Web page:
Marriage: Will Premarital Counselling Help?

I don’t share the sentiments of Tom Cruise’s character Jerry Maguire when he made famous the line: ‘you complete me’ to convince his lover that he loves her.  What Jerry Maguire was saying then was that without Dorothy (his wife), he cannot be happy.  This part of the movie gives a poor impression to society that marriage is all about 2 miserable people coming together to be happy.

Marriage is a relationship that takes from both the people involved and anyone who is ‘incomplete’ will certainly feel the demands and will one day be burnt out. By ‘incomplete’ I mean people who are not emotionally self sustaining who still depend on others for their happiness.

A lot of myths have shrouded the true picture of what marriage is; and it is usually made of cartoon based fantasies offering a life of ‘living happily ever after’ with their partners. The media imparts to our youngsters that marriage will solve any problem of sadness and loneliness.  Now, as young adults, these people fall into the trap of marrying simply because they learned to believe that marriage will solve their emotional problems.

Marriage will not solve any of our problems (emotional or not).  Whether it’s financial, personal, emotional or social problems, married people can testify that the problems they had when they were single were only magnified after marriage.

Well then, am I against marriage?  Certainly not.  I am writing to address the issues of couples that I have encountered who carry the cartoon myths that marriage will solve all of their problems.  I’ve seen couples whose relationships are failing and they simply thought that marriage will bring them closer to one another.  I’ve encountered lonely and depressed people who thought that falling in love and marrying will make them permanently happy.  I even met men and women who marry just because all of their friends are already married. I’ve come across countless 18-year-olds who marry simply because they want freedom from their families.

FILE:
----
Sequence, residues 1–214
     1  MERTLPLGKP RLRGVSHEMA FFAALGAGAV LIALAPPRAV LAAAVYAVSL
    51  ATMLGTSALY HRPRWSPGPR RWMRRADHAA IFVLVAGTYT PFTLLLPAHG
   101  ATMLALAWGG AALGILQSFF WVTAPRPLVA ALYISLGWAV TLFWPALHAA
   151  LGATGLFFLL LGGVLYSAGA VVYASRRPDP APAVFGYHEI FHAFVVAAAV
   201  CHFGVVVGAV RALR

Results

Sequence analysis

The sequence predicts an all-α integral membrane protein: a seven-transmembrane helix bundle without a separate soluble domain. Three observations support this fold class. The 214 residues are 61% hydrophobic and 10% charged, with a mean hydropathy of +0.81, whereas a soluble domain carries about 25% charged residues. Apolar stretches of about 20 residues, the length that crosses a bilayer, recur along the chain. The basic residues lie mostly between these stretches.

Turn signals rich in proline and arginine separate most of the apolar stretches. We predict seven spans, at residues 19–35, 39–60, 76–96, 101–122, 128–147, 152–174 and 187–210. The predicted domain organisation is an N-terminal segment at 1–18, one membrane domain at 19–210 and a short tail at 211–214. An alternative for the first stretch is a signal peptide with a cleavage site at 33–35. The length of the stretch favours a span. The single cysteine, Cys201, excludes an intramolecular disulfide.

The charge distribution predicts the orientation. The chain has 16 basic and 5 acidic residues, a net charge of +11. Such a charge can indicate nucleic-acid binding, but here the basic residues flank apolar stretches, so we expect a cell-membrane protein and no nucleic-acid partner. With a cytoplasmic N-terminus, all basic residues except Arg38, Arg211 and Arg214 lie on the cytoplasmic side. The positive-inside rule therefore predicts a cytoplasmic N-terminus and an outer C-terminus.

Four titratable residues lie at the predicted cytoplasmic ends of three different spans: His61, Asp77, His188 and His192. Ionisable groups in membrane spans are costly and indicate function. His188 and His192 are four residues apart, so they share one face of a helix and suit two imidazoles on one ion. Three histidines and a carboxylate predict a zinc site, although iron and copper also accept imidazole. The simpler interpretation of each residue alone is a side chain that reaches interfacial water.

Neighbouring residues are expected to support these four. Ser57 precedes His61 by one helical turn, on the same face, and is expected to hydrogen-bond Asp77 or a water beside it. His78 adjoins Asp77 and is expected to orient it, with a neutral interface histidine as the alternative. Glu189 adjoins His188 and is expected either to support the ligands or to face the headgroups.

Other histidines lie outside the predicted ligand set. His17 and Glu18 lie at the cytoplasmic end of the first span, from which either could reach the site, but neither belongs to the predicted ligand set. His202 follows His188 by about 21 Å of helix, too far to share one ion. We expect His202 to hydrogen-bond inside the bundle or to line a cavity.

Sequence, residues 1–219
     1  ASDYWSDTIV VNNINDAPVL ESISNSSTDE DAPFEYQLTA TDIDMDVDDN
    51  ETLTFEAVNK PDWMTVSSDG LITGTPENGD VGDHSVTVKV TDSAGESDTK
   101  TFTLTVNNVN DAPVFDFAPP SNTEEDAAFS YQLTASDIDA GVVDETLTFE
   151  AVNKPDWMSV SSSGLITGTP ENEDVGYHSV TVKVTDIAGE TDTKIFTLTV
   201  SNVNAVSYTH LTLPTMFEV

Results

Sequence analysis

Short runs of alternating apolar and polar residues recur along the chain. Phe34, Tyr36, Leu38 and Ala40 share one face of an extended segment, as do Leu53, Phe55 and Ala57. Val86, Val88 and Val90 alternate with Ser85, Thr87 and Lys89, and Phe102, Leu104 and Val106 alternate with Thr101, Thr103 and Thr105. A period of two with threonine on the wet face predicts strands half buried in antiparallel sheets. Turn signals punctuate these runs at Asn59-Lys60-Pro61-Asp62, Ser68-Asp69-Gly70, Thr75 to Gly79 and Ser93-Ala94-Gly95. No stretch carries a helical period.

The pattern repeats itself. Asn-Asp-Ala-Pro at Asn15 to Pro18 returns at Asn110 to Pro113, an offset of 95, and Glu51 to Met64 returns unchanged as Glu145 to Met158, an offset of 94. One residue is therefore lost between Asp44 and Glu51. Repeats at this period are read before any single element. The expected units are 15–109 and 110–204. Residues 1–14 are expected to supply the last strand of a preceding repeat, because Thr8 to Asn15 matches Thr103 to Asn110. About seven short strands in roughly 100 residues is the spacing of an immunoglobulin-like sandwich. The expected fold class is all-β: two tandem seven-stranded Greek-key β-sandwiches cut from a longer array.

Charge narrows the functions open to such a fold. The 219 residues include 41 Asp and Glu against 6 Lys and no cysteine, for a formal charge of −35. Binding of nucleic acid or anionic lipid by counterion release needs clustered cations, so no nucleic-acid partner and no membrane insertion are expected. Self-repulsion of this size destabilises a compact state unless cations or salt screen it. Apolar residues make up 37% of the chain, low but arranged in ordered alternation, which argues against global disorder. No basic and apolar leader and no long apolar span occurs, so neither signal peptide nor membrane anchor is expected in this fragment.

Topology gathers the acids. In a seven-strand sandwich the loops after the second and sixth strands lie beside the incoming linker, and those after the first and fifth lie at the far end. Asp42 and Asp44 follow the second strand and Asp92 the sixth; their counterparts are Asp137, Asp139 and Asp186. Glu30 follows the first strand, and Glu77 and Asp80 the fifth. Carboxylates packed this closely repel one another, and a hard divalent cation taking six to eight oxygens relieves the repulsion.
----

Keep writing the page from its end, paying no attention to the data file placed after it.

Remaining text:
The outcomes are, of course, not similar to what the cartoons have portrayed.  These people sought to leave a prison of sadness and emptiness only to enter a new one which demanded more responsibility, more maturity, more resilience, and more time and commitment from them.  To marry with the myths in mind will prove to be a danger to the stability of the marital relationship of ‘incomplete’ people who expected nothing less than finding an insatiable pool of happiness.

Premarital counselling is not against early marriages. It is a necessary stage in deciding for marriage and it is against couples marrying with the wrong expectations. No mature person can admit that they can always give and give without receiving; they will not last a year in the relationship.  On the other hand, people who just demand and take will simply burn out their partners.  It is counselling’s job is also to assess the maturity of the couple together with the maturity of their expectations.

Wedding bands are two complete rings.  Not two halves joining as one.

Marriage can only be enjoyed and maximized when it is engaged in the right purpose; and this is for the union of two complete people who are ready for the next stage of their lives and who are not just simply covering up for their past or present hurts.  Love is an excellent reason for marriage, although we have to clarify that the love they have is not born out of confusion of some dependency or insecurity issue.  Love is all about giving and we need to be full of love (complete) to enjoy a fully mature marriage of two complete people. Marriage is more than the fulfillment of one’s needs; it is the giving of ourselves for the fulfillment of the other.